NEW YORK – Cue Health said after the close of the market on Wednesday that its first quarter revenues grew 178 percent year over year.
For the three months ended March 31, the San Diego-based diagnostic test developer posted $179.4 million in revenues compared to $64.5 million in Q1 2021 and beat the analysts' average estimate of $175.2 million.
Product revenues were $177.5 million, up 175 percent compared to $64.5 million in Q1 2021, while grant and other revenues were almost $2.0 million compared to none a year ago.
In the recently completed quarter, the company "made excellent progress on [its] menu expansion activities, with all of our programs on track or ahead of schedule," CEO and Cofounder Ayub Khattak said in a statement.
Khattak said on a conference call to discuss the financial results that in the recently completed quarter, Cue Health's private sector revenues grew to almost $176 million from $2 million in Q1 2021.
To target private sector customers, the firm employs a multi-prong approach, which includes marketing to large healthcare networks that enable access to its COVID-19 test. For instance, Cue Health recently added Johns Hopkins University and the University of Pittsburgh Medical Centers to its customer base, Khattak said.
Further, the firm's relationship with distributors enables it to access a "more fragmented" segment of the market, including doctors' offices and urgent care clinics, according to Khattak. Cue Health has inked distribution agreements with Cardinal Health, Henry Schein, McKesson, and Medline.
Additionally, under an agreement with grocery store chain Albertsons, the point-of-care test developer is expanding its presence in retail stores. At the end of the quarter, it had placed COVID-19 tests in more than 1,000 of the retailer's pharmacies throughout the US, Khattak noted.
Cue Health noted that it recently filed a de novo submission to the US Food and Drug Administration to obtain full clearance for its molecular Cue Covid-19 Test for at-home and point-of-care use.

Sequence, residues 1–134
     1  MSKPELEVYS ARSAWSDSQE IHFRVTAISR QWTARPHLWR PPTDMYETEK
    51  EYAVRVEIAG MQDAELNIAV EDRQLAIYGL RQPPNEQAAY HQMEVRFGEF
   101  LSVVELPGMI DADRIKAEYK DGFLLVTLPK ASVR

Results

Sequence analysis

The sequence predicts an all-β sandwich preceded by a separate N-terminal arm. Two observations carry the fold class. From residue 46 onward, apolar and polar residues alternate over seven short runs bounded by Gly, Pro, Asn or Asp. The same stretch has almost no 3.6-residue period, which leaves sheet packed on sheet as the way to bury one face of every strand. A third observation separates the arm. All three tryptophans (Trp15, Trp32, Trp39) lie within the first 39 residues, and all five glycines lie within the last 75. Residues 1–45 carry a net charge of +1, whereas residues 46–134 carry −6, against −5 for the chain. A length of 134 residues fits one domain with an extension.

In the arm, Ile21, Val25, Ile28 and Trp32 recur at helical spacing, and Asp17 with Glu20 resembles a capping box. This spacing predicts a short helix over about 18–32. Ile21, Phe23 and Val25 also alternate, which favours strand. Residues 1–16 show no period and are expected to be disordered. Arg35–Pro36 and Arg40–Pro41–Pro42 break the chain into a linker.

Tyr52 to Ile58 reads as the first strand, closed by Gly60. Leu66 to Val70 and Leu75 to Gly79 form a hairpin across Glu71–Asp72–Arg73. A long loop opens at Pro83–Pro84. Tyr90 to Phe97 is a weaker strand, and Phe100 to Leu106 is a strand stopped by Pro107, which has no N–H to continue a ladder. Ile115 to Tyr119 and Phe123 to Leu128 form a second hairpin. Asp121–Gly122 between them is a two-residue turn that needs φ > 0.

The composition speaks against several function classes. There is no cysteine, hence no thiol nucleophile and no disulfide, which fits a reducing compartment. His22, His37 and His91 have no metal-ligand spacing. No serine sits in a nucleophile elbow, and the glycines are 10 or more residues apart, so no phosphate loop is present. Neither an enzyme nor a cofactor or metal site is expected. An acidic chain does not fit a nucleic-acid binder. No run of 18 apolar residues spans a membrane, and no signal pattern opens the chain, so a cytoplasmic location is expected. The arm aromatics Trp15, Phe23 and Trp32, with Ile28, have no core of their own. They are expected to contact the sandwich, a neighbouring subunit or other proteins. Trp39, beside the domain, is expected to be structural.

"This is a real milestone in the movement of healthcare information and access into the home and into the point of care, and it paves the way for future submissions as we seek to address a wide range of diseases and conditions," Khattak said.
Clinical studies for its influenza test are nearing completion, with full submission to the FDA expected in Q3, the firm said. Further, it is starting clinical studies for its Flu + COVID multiplex test ahead of schedule this quarter and expects to begin clinical studies for an RSV test in Q3 and a Chlamydia + Gonorrhea multiplex test in the second half of this year.
In the second half of this year, the company expects to launch a test-to-treat feature within its digital health platform. "Cue Health customers will soon be able to leverage virtual care and request delivery of prescriptions to their home within hours, all in the Cue Health app," Khattak said.
Cue Health reported a Q1 net income of $2.8 million, or $.02 per share, compared to $13.0 million, or $.08 per share, in Q1 a year ago, and beat the consensus Wall Street estimate for a loss of $.05 per share.
The company's R&D costs rose more than threefold year over year to $28.8 million from $7.4 million, while its SG&A expenses grew almost fivefold year over year to $61.0 million from $12.3 million.
Cue Health exited Q1 with $426.5 million in cash and cash equivalents and $13.8 million in restricted cash.
The company said it expects second quarter revenues of $50 million to $55 million.
Cue Health shares were down 11 percent to $4.38 in Thursday morning trading on the Nasdaq.